Trade unions today began a strike at all plants of Solaris, a Spanish-owned Polish manufacturer of public transport vehicles that is Europe’s largest producer of electric buses.
The protest action is part of a push for 800 zloty (€176) monthly salary rises for all factory workers, and has received support from left-wing MPs. Solaris, however, has accused unions of prematurely breaking off negotiations.
The strike was called by a coalition of unions – including Poland’s largest, Solidarity – following a referendum last week in which 51.7% of those eligible voted, and 92.7% of them backed the protest action.
Negotiations for the pay raise have been ongoing since last September. Union members say that they had been willing to halve their demands to 400 zloty in December and January.
“The company’s authorities rejected our peace offer, which is why it is no longer valid,” said Wojciech Jasiński, chairman of the OPZZ Konfederacja Pracy (Confederation of Labour) union group, reports Business Insider Polska. The union has reverted to its original demand of 800 zloty and launched its strike at 6 a.m. this morning.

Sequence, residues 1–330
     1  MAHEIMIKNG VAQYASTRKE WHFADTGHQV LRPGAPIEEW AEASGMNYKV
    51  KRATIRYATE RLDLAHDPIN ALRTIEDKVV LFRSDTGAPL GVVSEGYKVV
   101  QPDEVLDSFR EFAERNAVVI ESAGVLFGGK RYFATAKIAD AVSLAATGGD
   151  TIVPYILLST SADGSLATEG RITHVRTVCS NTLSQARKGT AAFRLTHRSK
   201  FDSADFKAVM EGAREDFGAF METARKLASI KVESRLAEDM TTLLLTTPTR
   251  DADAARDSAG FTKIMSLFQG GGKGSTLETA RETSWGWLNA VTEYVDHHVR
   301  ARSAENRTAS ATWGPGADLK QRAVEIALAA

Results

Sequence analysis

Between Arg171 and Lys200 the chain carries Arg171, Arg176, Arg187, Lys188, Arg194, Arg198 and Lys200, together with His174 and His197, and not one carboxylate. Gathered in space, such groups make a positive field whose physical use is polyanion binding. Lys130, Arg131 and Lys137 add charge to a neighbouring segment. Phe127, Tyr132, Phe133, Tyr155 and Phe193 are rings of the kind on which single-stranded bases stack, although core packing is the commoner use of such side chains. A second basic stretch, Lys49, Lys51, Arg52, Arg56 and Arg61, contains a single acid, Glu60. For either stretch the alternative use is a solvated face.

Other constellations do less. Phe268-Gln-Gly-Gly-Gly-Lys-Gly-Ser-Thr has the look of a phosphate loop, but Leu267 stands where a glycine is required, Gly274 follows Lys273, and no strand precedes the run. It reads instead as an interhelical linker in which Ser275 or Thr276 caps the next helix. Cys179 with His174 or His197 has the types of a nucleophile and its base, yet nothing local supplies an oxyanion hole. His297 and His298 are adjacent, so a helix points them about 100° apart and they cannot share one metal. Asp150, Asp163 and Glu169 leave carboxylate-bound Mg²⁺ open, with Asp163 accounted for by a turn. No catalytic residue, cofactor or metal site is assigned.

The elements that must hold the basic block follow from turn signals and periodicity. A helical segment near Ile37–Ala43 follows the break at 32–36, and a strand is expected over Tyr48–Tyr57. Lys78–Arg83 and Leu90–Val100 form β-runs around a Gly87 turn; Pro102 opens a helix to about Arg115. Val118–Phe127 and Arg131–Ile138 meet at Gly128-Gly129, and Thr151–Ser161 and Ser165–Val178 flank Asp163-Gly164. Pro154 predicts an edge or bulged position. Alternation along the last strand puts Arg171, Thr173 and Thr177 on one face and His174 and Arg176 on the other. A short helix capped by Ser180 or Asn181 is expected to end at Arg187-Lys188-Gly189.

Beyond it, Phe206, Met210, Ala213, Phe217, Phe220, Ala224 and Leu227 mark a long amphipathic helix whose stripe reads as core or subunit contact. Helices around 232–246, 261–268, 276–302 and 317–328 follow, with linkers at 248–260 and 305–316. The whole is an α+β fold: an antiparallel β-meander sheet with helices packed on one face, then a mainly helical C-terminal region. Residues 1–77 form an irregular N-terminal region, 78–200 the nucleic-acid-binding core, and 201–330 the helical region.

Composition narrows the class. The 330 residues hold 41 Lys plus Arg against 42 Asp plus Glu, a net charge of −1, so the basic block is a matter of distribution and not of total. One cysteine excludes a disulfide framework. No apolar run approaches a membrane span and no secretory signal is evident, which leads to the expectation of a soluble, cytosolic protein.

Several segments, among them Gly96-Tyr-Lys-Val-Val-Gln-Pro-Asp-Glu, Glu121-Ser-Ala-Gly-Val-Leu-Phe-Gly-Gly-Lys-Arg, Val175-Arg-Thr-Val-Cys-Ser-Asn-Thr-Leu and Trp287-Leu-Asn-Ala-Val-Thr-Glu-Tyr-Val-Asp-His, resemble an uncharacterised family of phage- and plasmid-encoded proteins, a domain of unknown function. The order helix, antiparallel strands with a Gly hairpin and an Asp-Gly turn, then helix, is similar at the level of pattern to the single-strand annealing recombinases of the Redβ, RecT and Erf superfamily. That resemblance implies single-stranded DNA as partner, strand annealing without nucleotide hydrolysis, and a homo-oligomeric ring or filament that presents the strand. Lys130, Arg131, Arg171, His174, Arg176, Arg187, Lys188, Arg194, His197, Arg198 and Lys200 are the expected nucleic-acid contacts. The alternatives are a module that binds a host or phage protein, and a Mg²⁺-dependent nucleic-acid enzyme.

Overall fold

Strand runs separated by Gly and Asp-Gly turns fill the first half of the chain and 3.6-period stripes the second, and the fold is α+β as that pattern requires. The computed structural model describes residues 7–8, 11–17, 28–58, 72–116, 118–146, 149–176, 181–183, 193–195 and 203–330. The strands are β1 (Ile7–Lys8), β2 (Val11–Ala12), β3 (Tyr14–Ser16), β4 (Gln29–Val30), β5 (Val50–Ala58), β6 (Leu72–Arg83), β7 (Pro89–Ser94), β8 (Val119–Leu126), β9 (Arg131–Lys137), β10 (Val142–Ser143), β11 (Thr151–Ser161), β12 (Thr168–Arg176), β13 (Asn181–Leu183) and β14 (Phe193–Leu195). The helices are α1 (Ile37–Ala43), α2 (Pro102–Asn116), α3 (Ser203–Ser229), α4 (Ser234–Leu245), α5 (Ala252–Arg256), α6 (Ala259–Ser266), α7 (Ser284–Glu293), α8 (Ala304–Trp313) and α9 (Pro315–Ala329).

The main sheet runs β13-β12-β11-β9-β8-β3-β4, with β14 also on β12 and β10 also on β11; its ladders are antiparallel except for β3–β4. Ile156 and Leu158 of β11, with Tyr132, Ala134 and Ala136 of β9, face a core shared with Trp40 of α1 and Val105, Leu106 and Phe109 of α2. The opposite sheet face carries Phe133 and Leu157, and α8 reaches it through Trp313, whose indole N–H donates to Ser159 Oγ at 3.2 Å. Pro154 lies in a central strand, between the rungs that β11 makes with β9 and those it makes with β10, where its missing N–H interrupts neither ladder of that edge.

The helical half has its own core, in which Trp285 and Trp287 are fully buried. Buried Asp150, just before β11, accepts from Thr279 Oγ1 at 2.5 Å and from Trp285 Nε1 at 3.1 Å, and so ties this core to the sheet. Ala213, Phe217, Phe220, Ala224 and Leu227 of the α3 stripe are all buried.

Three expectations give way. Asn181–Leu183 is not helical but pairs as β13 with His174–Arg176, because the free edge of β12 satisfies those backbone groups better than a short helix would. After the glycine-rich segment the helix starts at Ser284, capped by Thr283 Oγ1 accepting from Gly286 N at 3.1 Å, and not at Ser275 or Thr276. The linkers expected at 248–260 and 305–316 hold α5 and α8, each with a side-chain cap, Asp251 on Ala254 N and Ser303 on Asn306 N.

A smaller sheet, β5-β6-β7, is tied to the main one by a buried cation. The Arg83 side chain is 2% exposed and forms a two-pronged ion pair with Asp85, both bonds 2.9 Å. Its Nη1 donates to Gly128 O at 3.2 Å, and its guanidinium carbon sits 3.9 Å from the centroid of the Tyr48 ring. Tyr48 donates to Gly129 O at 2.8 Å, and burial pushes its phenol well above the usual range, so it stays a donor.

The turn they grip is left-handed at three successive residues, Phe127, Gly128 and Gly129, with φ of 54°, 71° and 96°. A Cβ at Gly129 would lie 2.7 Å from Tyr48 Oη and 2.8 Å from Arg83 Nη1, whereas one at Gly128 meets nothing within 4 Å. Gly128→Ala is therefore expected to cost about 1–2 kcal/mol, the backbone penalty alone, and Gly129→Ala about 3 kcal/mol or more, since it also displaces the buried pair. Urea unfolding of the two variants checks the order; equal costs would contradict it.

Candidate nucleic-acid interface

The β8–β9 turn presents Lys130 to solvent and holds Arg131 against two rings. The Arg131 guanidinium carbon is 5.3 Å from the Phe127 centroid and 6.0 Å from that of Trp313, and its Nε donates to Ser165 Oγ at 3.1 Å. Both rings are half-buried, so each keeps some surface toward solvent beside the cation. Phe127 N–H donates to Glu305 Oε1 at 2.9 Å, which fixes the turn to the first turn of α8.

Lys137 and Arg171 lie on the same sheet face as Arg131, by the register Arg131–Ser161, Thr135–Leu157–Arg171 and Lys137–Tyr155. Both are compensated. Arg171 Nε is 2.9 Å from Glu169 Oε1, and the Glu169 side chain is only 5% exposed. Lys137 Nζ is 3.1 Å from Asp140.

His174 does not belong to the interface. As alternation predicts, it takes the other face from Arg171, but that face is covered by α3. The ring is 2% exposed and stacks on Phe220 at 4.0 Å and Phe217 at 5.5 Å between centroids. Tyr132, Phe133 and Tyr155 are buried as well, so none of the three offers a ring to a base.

Jasiński added that the company’s rejection of the pay increase, which he claims was “within the company’s budget assumptions”, was a means of “showing the employees their place in the pecking order”.
In response, Solaris – which in 2018 was acquired by Spain’s CAF and the following year became Europe’s largest manufacturer of electric buses – criticised unions for showing only an “apparent willingness to talk” and unilaterally breaking off several stages of negotiations after “only two” meetings.
The company added that all of its workers had already on 14 January seen salaries boosted by 5%, meaning a minimum of 270 zloty, or 340 zloty with bonuses. Moreover, 800 of its workers had received a separate pay rise. Over the past three years, the company has set aside 60 million zloty for wage increases.